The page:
QRD: Quantum Rotary Dial, Part 3

Arduino Nano programming

Guidomax wrote this sketch for the Arduino in his instructables: https://www.instructables.com/Interface-a-rotary-phone-dial-to-an-Arduino/

int needToPrint = 0;
int count;
int in = 2;
int lastState = LOW;
int trueState = LOW;
long lastStateChangeTime = 0;
int cleared = 0;

// constants

int dialHasFinishedRotatingAfterMs = 100;
int debounceDelay = 10;

void setup()
pinMode(in, INPUT);

void loop()
int reading = digitalRead(in);

if ((millis() - lastStateChangeTime) > dialHasFinishedRotatingAfterMs) {
// the dial isn't being dialed, or has just finished being dialed.
if (needToPrint) {
// if it's only just finished being dialed, we need to send the number down the serial
// line and reset the count. We mod the count by 10 because '0' will send 10 pulses.
Serial.print(count % 10, DEC);
needToPrint = 0;
count = 0;
cleared = 0;

if (reading != lastState) {
lastStateChangeTime = millis();
if ((millis() - lastStateChangeTime) > debounceDelay) {
// debounce - this happens once it's stablized
if (reading != trueState) {
// this means that the switch has either just gone from closed->open or vice versa.
trueState = reading;
if (trueState == HIGH) {
// increment the count of pulses if it's gone high.
needToPrint = 1; // we'll need to print this number (once the dial has finished rotating)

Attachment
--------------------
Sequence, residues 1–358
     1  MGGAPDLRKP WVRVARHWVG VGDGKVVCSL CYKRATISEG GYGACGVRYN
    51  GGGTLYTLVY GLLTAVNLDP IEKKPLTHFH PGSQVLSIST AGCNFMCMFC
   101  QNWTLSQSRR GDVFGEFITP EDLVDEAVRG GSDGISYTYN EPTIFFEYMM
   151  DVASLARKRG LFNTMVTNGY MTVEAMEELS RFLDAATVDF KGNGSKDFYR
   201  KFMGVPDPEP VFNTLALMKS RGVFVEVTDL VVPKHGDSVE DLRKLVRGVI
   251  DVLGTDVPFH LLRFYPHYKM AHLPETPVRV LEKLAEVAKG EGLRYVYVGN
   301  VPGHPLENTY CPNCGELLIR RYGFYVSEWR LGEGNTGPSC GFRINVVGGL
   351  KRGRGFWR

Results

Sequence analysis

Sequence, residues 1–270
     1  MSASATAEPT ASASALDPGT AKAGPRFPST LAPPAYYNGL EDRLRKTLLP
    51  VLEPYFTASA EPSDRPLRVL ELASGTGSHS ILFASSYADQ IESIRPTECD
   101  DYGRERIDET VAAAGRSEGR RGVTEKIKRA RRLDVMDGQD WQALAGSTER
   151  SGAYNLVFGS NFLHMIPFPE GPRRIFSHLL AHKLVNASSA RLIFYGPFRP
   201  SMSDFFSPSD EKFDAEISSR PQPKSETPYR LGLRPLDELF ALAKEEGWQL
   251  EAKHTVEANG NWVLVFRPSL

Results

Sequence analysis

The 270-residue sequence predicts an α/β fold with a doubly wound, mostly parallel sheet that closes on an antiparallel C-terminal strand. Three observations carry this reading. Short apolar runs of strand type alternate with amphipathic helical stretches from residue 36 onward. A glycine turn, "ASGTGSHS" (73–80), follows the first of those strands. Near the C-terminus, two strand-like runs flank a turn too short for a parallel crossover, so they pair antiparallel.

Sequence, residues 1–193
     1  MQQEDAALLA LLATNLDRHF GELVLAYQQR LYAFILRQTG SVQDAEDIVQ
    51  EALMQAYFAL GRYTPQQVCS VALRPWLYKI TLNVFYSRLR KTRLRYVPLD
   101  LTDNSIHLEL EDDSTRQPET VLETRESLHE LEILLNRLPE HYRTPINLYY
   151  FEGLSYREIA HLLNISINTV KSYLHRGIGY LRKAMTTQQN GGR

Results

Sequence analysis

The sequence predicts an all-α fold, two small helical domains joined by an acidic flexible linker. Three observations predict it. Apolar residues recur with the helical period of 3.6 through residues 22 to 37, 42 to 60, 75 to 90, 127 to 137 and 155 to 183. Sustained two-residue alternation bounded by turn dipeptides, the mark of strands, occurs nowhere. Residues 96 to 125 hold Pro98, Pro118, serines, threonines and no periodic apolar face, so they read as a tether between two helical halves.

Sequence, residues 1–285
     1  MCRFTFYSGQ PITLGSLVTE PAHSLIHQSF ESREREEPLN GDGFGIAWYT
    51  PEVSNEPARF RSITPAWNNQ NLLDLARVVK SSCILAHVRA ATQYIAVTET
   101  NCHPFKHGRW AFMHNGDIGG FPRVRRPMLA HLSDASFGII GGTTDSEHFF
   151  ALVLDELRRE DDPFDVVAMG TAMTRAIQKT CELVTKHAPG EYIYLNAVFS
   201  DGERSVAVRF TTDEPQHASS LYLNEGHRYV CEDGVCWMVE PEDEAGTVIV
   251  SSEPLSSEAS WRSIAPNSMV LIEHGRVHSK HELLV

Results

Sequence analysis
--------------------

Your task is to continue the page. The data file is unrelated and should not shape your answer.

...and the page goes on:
lastState = reading;

It worked perfectly for me. I ran this command from the terminal to confirm the Arduino was sending signals.

screen /dev/cu.usbserial-AM00GQIK 9600

You will probably have to change the serial port (/dev/cu.usb…) but the baud rate (9600) should be good.

Once everything was wired up and the Arduino was programmed, I was ready to move onto the python script! This script would listen to the serial port and react to the dialed in numbers.

Python programming

This was the bulk of work I needed to do. I didn’t want a rotary dial which only set the volume. I wanted it to be a working number pad. I wanted to be able to type with it. I wanted it to trigger Alfred workflows. I wanted it to type common phrases I use a lot (not passwords!)

Since the script would interpret the rotary dial’s input differently depending on the mode it was in, I also wanted this script to provide some basic UI to let the user know the active mode. The rotary phone didn’t have any lights (and I didn’t want to add any) so I opted to create a little statusbar app.

The code is available here: https://github.com/Nathancooke7/quantum_rotary_dial

The README covers how to use the dial and the various features I’ve implemented.


This was a really fun project! I got to work on my soldering skills a bit. I learned about programming Arduinos. I learned the basics of GUI.

I’m using the rotary phone to trigger Alfred workflows which message a Slack channel to let people know I’ve signed in/out of work or gone on my lunch break. I literally dial in every morning.

I hope I’ve inspired you to pursue a side project, especially this specific one. I’d love to hear how people are using QRD to improve their lives.